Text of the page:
It’s Time for Federal Agencies to Re-Define Succession Planning
August 6, 2019
In the immortal words of Bob Dylan, "the times they are a-changin’." Baby boomers are retiring in droves. Millennials are taking on increasing responsibilities while demanding new ways of working. Federal government agency missions are evolving faster than a New York minute. Taken together, it’s easy to see just how dramatic the government workforce transformation really is.
With this in mind, Cornerstone OnDemand partnered with Worldwide Business Research (WBR) to survey government agency executives at the Human Capital Management for Government (HCMG) conference last autumn; full survey results can be viewed here.
The feedback we received from federal government human capital executives raises many red flags around how agencies are engaging their workforces and developing future agency leaders. Survey findings demonstrate agencies lack a unified succession planning strategy, do not align their program investments to support human capital priorities, and operate in a culture steeped in outdated ways of addressing agency jobs and employee engagement. It is clear that agencies are neither preparing their workforces for the mission demands of tomorrow, nor putting steps in place to address the short-term challenges such as managing staff turnover, identifying high-potential employees and filling leadership voids.
Yesterday’s Approaches to Tomorrow’s Challenges
With 63 percent of respondents stating that their agency’s succession planning initiatives are not successful, the survey clearly reveals that federal agencies are not adequately preparing employees to step into roles of increasing responsibilities and to be the next generation of agency leadership. So, why are succession planning initiatives failing? After all, these same respondents identified their top three current human capital priorities to be identifying and closing skills gaps, recruiting needed talent and staff training and development – all elements of a succession planning strategy. Why the disconnect? What’s not working?
For starters, let’s define succession planning. The old-school way of approaching succession planning meant, when Director Smith is ready to retire or move into a new role at the agency, Deputy Director Jones will be ready to take his or her place. This is an incredibly literal interpretation of the word "succession" that is too narrowly focused, and no longer relevant for today’s agency work. Succession planning today must be a workforce issue, not an individual issue.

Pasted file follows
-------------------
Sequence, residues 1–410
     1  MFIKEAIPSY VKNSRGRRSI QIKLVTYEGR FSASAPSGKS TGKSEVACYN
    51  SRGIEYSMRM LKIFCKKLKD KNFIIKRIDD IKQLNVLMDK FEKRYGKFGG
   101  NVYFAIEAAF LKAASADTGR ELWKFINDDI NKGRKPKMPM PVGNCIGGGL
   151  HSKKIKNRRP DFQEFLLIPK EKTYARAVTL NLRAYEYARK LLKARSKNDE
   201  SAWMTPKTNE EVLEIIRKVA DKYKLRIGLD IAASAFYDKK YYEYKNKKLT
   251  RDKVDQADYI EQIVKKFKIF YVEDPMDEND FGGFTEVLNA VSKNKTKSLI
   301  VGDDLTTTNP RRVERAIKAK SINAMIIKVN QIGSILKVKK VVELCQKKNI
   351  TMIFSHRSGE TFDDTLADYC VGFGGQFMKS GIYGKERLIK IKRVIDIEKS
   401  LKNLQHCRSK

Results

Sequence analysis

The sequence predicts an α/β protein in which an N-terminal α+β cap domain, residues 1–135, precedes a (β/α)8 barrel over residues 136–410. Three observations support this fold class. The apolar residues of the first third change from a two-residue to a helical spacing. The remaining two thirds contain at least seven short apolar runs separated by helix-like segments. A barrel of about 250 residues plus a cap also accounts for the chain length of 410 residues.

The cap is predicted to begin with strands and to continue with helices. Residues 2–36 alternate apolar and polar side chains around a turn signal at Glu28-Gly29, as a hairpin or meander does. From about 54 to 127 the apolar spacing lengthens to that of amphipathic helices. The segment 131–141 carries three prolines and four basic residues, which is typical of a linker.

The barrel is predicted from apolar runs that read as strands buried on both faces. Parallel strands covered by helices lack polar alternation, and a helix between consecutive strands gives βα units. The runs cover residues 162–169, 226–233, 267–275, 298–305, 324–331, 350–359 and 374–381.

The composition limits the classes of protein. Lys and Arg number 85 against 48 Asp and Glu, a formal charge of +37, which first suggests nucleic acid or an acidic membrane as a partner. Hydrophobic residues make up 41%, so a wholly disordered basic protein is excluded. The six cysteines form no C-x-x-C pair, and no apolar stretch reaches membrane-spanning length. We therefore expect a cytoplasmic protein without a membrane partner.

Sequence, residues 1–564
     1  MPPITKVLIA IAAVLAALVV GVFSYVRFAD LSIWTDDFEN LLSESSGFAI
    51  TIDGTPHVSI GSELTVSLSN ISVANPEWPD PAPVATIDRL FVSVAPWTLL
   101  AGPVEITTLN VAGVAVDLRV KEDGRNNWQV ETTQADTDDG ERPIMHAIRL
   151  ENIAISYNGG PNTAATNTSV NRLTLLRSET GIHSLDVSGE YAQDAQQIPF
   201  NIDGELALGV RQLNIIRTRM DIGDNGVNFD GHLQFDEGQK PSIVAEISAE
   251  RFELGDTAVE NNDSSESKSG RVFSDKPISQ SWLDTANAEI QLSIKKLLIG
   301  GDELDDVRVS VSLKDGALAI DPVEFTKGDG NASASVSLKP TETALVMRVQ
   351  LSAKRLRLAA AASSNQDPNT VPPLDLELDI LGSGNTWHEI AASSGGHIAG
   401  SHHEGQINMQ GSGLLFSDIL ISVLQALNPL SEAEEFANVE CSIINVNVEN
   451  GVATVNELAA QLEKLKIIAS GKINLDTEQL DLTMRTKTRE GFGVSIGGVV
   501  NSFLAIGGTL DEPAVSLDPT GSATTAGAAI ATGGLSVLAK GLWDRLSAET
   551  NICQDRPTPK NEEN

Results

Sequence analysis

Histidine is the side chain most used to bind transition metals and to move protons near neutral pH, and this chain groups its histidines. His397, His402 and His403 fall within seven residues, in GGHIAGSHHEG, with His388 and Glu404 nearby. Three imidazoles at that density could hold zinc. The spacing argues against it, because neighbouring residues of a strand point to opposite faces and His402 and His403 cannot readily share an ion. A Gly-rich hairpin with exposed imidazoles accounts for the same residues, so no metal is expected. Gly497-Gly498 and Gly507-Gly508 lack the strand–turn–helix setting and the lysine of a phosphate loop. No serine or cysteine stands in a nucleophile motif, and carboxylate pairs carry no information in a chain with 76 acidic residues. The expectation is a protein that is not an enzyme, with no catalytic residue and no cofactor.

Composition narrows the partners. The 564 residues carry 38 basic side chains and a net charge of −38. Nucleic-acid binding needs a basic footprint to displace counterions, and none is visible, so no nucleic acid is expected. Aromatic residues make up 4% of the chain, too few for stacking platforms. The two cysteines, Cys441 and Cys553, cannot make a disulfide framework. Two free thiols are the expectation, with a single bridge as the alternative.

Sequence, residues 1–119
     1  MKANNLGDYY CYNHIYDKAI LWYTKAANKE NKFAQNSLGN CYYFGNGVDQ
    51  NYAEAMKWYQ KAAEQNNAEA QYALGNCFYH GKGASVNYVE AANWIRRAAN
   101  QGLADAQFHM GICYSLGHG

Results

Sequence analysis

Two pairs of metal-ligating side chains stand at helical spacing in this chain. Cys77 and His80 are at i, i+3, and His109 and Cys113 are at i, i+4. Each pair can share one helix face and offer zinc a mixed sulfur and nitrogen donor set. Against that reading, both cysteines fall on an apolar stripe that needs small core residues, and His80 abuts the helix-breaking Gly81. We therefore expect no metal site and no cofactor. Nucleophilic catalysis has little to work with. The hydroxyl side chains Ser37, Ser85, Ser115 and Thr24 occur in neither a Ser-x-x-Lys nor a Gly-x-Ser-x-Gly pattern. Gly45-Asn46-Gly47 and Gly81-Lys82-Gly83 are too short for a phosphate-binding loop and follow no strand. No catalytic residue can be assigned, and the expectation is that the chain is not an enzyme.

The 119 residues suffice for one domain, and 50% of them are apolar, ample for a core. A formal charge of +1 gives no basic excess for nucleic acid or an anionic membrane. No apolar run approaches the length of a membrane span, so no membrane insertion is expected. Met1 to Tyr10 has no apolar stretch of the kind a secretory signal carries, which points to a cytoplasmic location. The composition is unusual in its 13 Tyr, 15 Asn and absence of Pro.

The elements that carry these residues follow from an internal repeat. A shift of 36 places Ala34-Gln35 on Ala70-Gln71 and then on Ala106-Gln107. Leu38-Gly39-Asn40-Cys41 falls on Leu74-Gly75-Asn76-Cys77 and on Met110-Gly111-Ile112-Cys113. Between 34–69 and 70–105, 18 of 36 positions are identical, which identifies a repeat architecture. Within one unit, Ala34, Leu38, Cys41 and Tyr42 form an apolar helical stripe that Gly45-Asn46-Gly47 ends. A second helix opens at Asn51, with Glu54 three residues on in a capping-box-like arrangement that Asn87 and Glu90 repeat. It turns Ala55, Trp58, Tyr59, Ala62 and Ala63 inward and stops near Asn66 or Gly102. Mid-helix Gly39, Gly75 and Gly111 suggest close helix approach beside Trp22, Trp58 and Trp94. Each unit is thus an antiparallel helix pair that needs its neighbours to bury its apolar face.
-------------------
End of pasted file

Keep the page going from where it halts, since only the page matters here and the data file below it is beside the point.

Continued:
Unfortunately, it is clear that many federal agencies remain attached to old ways of thinking about succession planning – ways that do little to engage and build the skills of a workforce to prepare future agency leaders. In order to have a successful succession planning strategy, agencies need to think beyond the individual worker to the broader workforce and whether or not they posses the skills and competencies needed to meet mission requirements. It’s the workforce that needs to be ready to meet future agency demands – not only an individual.
Redefining Succession Planning
Simply put: it’s the work, not the job. It’s the workforce, not a person.
Succession planning is about growing and preparing the workforce to be leaders – from those just out of college beginning their careers, to those middle managers with a decade or more under their belts, all the way to career civil servants. Succession planning develops the workforce of the future to meet the demands of the work of the future.
So forget about job openings, organizational charts and specifically defined roles and responsibilities. Agencies need to understand the nature of the work that needs to be conducted by the workforce and the corresponding skills, competencies, knowledge and experiences that are required of employees to successfully do that work. Once this is understood, agencies can foster their talent, build competencies, and identify and groom people to fill roles and meet mission – today’s and tomorrow’s.
That is what succession planning needs to look like today. It’s a cultural shift, for sure – but a much needed one. After all, when 80 percent of survey respondents said that the greatest impediment to achieving their human capital goals, apart from budget, was the management culture of their organizations, it’s clear a change is long overdue.